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Posted in music on October 24, 2013
Ronald Shannon Jackson, an avant-garde drummer and composer who led an influential electric band and performed with many of the greatest names in jazz, died on Saturday at his home in Fort Worth. He was 73.Rest in peace, Ronald.
His death, from leukemia, was confirmed by his son Talkeye.
Mr. Jackson, whose distinctive look included long hair that he once braided with rivets and subway tokens, had a muscular style that set him apart from his fellow avant-garde jazz drummers, providing for a thunderous yet economical rumble infused with funk, marching-band patterns and African styles. His band, the Decoding Society, showed his knack for writing rigorous yet approachable music.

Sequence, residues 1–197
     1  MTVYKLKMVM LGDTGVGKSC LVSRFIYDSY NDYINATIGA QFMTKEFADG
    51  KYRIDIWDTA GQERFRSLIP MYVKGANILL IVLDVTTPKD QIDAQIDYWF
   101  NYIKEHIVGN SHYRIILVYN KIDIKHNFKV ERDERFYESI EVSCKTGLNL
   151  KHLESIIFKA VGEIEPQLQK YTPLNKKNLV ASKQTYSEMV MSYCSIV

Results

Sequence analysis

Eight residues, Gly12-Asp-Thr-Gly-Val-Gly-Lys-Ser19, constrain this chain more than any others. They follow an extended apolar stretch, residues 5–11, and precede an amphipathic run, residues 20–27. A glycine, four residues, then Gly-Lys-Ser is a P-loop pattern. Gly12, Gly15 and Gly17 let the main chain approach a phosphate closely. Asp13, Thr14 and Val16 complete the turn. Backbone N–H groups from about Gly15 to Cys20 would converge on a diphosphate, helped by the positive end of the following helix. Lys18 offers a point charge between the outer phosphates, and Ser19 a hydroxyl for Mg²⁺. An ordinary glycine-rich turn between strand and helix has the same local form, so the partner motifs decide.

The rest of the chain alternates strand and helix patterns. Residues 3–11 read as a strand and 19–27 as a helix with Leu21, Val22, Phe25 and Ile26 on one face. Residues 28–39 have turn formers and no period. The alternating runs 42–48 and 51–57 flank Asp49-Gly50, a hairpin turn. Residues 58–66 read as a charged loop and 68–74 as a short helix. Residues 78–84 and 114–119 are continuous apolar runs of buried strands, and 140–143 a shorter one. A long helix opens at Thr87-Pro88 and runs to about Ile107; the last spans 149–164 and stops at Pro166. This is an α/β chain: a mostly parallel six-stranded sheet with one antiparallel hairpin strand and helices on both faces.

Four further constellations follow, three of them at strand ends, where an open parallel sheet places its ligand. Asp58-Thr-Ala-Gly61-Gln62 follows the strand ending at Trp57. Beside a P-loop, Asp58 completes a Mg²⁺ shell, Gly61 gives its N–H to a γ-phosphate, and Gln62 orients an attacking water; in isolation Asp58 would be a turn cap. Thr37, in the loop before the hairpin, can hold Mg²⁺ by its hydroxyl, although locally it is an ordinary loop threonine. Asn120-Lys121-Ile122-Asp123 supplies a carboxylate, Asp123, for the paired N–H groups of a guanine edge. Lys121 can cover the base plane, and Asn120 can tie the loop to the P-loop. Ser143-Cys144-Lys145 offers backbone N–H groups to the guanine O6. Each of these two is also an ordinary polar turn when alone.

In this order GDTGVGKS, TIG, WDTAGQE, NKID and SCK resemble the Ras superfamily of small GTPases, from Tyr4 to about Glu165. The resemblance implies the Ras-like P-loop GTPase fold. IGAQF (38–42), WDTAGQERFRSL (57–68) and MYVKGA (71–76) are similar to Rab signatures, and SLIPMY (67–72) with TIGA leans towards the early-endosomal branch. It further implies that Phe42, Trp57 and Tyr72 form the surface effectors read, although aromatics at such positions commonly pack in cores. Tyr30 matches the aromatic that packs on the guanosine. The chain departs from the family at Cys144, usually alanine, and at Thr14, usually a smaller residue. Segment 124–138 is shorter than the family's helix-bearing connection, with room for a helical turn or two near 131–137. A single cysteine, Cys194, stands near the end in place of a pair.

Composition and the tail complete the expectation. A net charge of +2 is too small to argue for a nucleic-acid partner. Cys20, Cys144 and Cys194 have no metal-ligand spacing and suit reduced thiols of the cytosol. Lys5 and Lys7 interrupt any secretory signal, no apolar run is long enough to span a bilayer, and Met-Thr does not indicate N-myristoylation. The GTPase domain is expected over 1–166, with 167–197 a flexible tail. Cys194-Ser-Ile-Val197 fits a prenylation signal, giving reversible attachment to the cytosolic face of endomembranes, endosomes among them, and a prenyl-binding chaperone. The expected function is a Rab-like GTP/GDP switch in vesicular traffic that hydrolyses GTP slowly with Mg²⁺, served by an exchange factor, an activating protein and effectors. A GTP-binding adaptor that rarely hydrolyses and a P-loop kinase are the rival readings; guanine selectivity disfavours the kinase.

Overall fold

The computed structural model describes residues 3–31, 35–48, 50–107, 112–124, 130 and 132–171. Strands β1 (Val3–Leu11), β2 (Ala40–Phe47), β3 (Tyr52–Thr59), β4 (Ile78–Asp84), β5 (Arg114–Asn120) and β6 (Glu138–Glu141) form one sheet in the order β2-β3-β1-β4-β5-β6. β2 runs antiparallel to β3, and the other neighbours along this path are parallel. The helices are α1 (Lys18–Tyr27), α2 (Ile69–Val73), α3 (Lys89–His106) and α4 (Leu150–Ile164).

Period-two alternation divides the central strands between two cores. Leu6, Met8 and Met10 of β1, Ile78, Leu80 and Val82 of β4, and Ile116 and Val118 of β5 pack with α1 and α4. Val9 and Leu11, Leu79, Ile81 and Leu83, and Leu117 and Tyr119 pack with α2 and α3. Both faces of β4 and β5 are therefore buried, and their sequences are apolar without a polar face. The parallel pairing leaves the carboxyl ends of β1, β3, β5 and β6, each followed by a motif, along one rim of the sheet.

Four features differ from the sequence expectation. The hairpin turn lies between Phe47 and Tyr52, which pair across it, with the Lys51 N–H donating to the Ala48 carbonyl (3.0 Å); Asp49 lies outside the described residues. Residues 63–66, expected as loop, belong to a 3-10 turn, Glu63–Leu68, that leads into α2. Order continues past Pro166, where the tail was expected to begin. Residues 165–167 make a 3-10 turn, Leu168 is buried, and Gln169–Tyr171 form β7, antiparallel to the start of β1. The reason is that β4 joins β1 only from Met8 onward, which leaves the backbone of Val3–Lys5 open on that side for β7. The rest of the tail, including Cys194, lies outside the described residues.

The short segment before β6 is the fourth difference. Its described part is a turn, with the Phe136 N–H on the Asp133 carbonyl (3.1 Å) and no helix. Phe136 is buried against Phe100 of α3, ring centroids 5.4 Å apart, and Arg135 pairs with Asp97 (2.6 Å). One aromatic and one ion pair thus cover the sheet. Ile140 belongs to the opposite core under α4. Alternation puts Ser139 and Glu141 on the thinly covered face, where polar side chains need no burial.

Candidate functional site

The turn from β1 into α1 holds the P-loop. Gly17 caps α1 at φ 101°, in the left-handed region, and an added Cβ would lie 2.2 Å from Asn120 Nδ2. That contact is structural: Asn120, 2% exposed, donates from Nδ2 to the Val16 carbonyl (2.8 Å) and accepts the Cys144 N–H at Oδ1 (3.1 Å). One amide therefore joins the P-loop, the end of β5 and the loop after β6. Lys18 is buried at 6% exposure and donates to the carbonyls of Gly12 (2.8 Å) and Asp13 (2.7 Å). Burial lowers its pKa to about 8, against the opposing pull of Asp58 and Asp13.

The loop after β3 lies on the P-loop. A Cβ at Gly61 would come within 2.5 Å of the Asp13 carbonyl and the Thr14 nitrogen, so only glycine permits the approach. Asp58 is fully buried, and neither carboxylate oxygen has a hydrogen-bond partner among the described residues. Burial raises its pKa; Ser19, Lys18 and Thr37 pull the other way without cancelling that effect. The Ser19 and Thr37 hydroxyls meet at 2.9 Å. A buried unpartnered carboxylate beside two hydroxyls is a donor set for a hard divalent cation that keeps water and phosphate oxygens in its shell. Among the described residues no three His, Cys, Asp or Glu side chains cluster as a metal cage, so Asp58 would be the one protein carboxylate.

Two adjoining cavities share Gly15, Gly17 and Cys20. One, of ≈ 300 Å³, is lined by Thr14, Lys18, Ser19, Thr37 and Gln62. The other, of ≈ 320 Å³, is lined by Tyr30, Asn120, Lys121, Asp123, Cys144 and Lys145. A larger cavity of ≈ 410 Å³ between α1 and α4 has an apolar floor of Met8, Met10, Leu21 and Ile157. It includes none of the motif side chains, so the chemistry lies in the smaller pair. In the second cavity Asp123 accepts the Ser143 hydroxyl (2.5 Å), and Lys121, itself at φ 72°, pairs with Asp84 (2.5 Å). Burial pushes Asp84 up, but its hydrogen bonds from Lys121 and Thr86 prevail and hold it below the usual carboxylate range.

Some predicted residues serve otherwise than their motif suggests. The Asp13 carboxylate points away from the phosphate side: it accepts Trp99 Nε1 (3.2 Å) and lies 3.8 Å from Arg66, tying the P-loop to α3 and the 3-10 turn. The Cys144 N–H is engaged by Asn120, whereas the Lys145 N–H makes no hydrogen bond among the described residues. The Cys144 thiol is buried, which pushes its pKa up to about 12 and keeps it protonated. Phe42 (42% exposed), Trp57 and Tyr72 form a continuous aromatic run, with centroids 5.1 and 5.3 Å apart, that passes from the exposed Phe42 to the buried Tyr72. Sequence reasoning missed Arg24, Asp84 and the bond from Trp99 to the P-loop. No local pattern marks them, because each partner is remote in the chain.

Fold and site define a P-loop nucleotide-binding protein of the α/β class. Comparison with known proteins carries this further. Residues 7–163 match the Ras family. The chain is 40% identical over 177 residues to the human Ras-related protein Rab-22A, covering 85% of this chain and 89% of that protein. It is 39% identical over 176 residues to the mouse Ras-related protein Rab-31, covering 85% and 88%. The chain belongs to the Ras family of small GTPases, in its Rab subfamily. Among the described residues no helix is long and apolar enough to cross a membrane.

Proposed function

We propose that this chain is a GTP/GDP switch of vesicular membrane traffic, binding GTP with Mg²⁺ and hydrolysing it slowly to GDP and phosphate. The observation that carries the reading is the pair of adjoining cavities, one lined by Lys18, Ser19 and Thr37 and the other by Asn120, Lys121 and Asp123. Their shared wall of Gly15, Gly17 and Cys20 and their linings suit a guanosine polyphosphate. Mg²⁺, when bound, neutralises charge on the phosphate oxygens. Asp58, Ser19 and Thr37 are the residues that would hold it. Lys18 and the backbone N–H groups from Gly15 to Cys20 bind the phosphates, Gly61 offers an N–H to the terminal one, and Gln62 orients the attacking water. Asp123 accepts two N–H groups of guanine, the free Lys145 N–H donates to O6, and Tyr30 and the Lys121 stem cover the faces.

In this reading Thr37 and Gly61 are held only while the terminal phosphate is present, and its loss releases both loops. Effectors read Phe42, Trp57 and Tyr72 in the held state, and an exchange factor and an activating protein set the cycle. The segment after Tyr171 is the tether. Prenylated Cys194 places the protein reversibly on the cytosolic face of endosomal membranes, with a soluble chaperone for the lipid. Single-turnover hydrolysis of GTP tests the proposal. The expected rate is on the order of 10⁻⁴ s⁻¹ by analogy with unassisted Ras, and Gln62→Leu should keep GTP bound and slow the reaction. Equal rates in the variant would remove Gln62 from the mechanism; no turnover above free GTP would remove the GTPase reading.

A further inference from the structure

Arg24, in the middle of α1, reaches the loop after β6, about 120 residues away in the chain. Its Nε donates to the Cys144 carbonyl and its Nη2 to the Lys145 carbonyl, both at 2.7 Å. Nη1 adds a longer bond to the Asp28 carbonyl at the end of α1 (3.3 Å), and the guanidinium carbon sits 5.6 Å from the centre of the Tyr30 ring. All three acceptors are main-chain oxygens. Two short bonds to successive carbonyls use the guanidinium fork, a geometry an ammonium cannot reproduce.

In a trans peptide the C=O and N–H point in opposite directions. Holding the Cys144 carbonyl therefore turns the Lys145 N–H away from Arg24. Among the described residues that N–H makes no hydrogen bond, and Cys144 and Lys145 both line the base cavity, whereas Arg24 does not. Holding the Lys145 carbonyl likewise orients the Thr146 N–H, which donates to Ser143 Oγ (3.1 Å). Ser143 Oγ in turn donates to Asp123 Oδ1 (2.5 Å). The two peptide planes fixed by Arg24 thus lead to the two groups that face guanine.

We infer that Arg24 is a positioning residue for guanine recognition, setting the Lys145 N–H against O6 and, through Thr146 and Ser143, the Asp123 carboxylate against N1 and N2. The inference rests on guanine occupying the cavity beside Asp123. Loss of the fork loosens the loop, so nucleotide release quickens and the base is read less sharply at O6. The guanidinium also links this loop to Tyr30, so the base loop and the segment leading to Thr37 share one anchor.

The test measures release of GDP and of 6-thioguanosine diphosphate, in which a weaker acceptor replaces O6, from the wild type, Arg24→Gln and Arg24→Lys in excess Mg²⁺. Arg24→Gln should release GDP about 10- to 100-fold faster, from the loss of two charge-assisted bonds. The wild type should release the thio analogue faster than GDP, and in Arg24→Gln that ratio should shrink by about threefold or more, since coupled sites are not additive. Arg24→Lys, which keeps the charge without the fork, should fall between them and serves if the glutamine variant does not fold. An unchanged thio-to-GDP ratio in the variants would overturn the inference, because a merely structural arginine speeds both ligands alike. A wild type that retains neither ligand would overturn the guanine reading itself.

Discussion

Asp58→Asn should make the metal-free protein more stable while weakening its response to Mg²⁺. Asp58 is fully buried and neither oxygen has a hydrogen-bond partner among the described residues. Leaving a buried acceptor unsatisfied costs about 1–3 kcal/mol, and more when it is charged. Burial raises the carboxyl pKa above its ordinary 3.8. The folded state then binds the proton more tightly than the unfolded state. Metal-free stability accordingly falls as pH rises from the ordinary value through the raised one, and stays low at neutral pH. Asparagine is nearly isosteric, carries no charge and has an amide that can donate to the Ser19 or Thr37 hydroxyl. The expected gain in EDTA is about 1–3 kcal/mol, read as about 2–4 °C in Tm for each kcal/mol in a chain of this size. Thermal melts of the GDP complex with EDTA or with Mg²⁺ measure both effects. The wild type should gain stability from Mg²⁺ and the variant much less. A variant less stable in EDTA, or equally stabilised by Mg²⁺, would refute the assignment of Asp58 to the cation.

He performed over the years with Charles Mingus, Betty Carter, Jackie McLean and Joe Henderson. But his name was most closely linked with three free-jazz pioneers: the saxophonist Albert Ayler, the pianist Cecil Taylor and, foremost, the saxophonist Ornette Coleman, who also hailed from Fort Worth. [NY Times]
Watch a video of him performing in 1999, below...
Ronald Shannon Jackson - Live at the Knitting Factory, 1999